2. 2.Never state a fact unless you are CERTAIN of that fact. Quite frequently you will be asked a question by an attorney and feel that you should know the answer. Therefore, you are tempted to make something up, or guess. This can lead to very negative consequences! If you do not know the answer to a question, just say you don't know or don't remember.

  3. 3.KEEP IT SIMPLE. Never attempt to explain or justify your answer. Answer the question with as few words possible. If you ramble and go into great detail, this "free information" will only give the opposing attorney more ammunition. So, don't volunteer any information that wasn't specifically asked for. You only need give the facts as you know them and no more. You need not apologize or attempt to justify these facts, and any attempt at such would make it appear as if you doubt the accuracy of your own testimony.

  4. 4.DO NOT REFER TO ANY NOTES OR BRING ANY DOCUMENTS WITH YOU TO THE DEPOSITION UNLESS YOU ARE SPECIFICALLY REQUESTED TO BY YOUR ATTORNEY. You are only to give the information that you have readily at hand. If you do refer to something you wrote down, the opposing attorney will have a right to see it and this could lead to very embarrassing consequences. Do not turn to another witness, if one should be present, and ask for the information. If you know an answer to a question at the time it is being asked, then you should answer it. Do not agree to look anything up in the future and then supplement your answer.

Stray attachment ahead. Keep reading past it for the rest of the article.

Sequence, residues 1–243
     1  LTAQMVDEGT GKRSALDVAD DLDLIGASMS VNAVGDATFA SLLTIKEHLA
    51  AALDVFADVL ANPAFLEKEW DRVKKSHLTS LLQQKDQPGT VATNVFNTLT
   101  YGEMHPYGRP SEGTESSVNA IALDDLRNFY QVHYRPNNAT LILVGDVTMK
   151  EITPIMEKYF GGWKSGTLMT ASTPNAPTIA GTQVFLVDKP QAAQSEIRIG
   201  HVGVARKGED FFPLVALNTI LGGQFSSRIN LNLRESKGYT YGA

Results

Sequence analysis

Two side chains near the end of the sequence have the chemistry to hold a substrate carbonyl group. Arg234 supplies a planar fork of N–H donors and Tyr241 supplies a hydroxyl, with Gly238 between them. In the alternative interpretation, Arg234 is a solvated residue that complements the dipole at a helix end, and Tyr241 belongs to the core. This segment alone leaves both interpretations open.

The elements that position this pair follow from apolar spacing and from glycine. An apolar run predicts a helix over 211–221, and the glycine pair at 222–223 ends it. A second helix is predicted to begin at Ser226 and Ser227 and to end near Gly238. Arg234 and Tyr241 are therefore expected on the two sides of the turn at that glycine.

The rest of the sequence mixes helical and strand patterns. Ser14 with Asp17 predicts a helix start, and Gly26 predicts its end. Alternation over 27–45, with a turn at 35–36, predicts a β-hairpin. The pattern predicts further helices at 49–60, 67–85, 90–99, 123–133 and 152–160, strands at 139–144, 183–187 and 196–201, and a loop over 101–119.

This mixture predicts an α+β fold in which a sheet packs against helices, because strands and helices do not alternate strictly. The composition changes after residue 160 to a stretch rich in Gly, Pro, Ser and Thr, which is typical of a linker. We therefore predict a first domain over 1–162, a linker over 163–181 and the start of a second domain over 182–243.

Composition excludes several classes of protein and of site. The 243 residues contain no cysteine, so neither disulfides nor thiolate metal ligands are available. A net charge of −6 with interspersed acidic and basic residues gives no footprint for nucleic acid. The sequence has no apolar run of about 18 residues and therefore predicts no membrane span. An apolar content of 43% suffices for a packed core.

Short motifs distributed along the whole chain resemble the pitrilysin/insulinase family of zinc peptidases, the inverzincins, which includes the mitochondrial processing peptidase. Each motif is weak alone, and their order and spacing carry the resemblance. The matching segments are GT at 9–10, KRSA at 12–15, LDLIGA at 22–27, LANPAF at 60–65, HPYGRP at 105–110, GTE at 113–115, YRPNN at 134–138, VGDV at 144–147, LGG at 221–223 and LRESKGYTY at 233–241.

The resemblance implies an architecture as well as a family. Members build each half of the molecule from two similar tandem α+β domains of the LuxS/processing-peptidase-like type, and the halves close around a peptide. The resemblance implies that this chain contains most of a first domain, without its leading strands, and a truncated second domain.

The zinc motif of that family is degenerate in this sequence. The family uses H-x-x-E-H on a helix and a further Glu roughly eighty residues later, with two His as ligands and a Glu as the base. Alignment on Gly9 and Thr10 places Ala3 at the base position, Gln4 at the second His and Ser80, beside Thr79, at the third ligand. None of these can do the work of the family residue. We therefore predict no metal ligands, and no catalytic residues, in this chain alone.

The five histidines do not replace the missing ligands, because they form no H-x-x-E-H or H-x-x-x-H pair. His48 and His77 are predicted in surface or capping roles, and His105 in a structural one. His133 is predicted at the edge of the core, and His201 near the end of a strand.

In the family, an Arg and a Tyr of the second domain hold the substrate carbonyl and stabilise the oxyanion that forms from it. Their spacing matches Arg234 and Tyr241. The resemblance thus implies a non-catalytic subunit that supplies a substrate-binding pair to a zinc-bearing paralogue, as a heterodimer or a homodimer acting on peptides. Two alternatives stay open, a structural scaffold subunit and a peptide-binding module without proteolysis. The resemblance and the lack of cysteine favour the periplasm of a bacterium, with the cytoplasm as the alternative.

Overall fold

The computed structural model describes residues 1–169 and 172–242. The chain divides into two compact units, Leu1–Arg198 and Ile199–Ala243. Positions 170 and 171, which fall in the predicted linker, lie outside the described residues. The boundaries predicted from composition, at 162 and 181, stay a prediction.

5. 5.DO NOT reach in your pocket for any documents unless your attorney asks you to. If the opposing counsel is interested in obtaining any documents from you, there are other legal procedures with which to obtain them. LEAVE YOUR DRIVER'S LICENSE IN YOUR CAR AND DO NOT BRING IT TO THE DEPOSITION WITH YOU.